Benjamin Netanyahu doesn't want you. He doesn't need you.
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And, if you are a person who believes that Israel should deal honestly, creatively, and vigorously with the real-life needs of both Israelis and Palestinians in distress, you may go now, thank you very much.
You're only in the way.
If you can't see Israel as a valiant, victimized, unqualified economic miracle, if you can't find it in your heart to recognize the Jewish state as an unalloyed democracy, a lone stable island of universal human rights and respect for freedom of worship in a churning ocean of fanaticism and despotism and bigotry, your rightful place is, as they say in Hebrew, not here.
Take off, Netanyahu is telling you. Make my day.
Makes no difference who you are, where you are, how much you care about Israel or Judaism. If you live here, he's telling you, you better accept that your children – if they want to have a decent shot at a decent life - will have to choose between one exile or another. Either exile in Berlin or Christchurch, or exile in the settlements of Ariel or Talmon.
If you live abroad, and you still support the rights of both Israelis and Palestinians to self-determination, security, freedom of opportunity, Netanyahu is telling you, you can get off the bus at the very next stop.
He's got time for his donors, like New Jersey-based telecommunications mogul Howard Jonas, the driving force behind a superfluous fracking project that was thankfully averted by environmental groups and the Environmental Protection Ministry (the country's one-ministry in-house Opposition) before the oil shale process could destroy one of Israel's most beautiful rural areas.
He's got no time for you.
If you want to be an Israel lover, he's telling you, you gotta get with my friends. You gotta slam your body down, and wind it all around, until you can accept that when Israel actually does something that seems right and just, Bibi's friends will trash it and disavow it and work to circumvent it until they get their way.
If the Supreme Court upholds the rights of African asylum seekers working to avoid return to lethal home nation environments, Netanyahu – with a nod to the racist, Kahanist, lowest common denominator of Israeli voter - will take pains to dismiss all African refugees as opportunistic sham welfare cheats. And then his Interior Minister Gideon Saar will suspend his announced departure from public life with a vow to fight the High Court, a move supported by a Kahanist former MK who calls the Court a greater danger to Israel's existence than the Islamic State.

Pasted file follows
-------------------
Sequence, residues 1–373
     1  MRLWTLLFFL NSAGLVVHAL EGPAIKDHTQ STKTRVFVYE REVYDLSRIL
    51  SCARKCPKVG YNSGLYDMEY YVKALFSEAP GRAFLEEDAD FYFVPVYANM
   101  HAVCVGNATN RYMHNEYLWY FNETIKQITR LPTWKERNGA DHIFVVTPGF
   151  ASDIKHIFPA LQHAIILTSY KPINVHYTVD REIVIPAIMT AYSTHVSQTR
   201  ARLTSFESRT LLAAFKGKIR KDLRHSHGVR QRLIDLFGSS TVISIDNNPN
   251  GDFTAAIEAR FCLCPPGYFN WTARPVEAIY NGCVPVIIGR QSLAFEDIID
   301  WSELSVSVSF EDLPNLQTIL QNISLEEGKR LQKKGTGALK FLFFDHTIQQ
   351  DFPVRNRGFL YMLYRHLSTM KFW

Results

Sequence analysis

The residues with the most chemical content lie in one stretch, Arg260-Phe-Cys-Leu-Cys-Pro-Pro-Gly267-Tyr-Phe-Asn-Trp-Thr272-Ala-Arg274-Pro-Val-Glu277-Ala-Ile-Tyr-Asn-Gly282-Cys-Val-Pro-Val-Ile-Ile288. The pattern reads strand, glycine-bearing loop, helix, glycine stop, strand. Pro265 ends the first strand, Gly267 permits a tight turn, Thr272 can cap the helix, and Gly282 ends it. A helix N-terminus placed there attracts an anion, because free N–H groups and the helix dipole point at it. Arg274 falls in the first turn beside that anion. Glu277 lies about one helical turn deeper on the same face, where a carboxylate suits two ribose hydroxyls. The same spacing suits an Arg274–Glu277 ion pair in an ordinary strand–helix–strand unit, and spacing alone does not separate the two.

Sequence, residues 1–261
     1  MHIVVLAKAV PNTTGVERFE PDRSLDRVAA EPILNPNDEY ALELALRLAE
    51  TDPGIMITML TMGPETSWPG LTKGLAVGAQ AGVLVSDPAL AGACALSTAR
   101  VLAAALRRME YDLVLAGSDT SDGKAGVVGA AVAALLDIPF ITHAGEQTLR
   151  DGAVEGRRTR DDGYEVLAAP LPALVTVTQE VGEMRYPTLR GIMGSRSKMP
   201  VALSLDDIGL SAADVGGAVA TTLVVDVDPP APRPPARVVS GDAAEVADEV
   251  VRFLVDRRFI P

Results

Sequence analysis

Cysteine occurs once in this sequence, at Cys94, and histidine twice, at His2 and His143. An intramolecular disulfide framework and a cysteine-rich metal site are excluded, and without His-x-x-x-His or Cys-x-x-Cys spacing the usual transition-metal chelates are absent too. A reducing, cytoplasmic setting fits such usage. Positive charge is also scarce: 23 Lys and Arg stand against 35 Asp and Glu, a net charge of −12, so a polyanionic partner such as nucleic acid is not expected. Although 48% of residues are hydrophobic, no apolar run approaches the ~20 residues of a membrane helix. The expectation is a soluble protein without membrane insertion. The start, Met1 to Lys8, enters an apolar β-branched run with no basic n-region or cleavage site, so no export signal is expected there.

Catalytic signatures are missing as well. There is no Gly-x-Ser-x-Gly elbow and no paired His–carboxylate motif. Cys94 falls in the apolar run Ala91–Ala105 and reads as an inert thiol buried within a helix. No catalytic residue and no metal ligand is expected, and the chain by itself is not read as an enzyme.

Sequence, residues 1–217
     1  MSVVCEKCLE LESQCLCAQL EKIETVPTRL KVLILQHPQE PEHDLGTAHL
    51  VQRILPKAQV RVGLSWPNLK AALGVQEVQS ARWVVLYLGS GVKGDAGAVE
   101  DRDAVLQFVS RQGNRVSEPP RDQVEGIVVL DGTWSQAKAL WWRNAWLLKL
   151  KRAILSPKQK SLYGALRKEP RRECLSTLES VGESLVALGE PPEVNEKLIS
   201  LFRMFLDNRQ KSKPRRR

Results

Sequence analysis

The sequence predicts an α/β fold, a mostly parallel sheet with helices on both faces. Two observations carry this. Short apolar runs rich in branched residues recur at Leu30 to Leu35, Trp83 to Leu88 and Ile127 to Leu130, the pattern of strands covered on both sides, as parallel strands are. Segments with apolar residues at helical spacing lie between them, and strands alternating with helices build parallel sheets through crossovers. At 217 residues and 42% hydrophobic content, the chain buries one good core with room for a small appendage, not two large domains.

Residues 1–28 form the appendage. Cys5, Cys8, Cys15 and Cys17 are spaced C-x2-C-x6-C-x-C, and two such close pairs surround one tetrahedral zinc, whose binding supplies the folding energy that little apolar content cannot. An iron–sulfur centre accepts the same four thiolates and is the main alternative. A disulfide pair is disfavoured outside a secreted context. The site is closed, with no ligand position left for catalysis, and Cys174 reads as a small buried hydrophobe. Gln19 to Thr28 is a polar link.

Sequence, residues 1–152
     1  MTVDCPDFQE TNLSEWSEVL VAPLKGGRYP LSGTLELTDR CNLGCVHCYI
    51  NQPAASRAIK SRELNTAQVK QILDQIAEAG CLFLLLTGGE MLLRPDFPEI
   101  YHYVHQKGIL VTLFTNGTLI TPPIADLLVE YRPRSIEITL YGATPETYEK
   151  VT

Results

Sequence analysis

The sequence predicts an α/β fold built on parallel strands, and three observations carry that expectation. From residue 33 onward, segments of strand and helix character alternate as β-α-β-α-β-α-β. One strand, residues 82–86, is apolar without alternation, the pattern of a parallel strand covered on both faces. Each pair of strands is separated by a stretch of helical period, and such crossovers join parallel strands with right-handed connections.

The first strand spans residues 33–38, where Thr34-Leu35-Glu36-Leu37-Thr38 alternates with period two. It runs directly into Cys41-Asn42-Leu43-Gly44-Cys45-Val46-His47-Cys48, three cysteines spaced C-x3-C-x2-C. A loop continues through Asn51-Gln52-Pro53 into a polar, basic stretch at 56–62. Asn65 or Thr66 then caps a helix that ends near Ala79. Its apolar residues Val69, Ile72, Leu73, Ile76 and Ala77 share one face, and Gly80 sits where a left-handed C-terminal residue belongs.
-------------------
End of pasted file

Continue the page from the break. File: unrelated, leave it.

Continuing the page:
Netanyahu doesn't want you here. He doesn't want your kind backing Israel. He wants La Familia and Kahana to stay, and you to go.
Even if you're a principal ally like the United States or Great Britain, whose governments stuck with Israel through the horrific casualties of the recent Gaza war, Netanyahu will let you have it, again and again and again.
The smoke of battle had yet to clear this summer, before new West Bank and East Jerusalem settlements were announced, and Israel's diplomatic version of stray artillery shells had landed squarely on the White House and 10 Downing St.
Having worn down John Kerry and pissed off the President enough to deep-six peace talks, Netanyahu's next mission is re-election. To that end, he has worked to keep his current term going for as long as possible, that is, in November, 2017. And his best bet, in that regard, may be an electorate too beaten-down and hopeless to even bother to vote.
In case that fails, though, another possible line of attack-as-defense came to light last week – the notion that people complaining about the day-to-day hardships of life in Israel are nothing but unpatriotic whiners and/or scammers.
In a remarkable opinion piece in Israel Hayom, the pro-Netanyahu mass-circulation daily, columnist Emily Amrusi argued that there is no hunger in Israel, and that poverty is largely a fiction promulgated and exploited by NGOs trolling for donations.
The article comes in the wake of OECD figures showing that Israel has the highest poverty rate in the developed world, with more than one in five Israelis living in poverty, and with the poor population having grown more than in any other OCED nation.
The article also follows a study released this year, showing that of the some 190,000 Holocaust survivors living in Israel today, some 50,000 live in poverty, with one in five having been forced to choose between buying food or medication during the past two years.
Nonetheless, writes Amrusi, a former spokeswoman for the YESHA [Judea and Samaria West Bank settlements] Council, "Just as 'human rights' organizations head-butt Israel from the outside, and make war against it, so do food-charity NGOs make war internally."
In a play on an old settler ad campaign ("YESHA is Right Here"), she continues, "For public relations purposes, they prompt the citizens of Israel to believe that Hell is Right Here."
Nonetheless, Amrusi concludes, "Israel is one of the best places in the world in which to live."
There it is: the blueprint for the new Netanyahu party line: "No poor, no problem."
As in: "No Palestine, no problem."
As in: "Gaza in ruins? Somebody else's problem."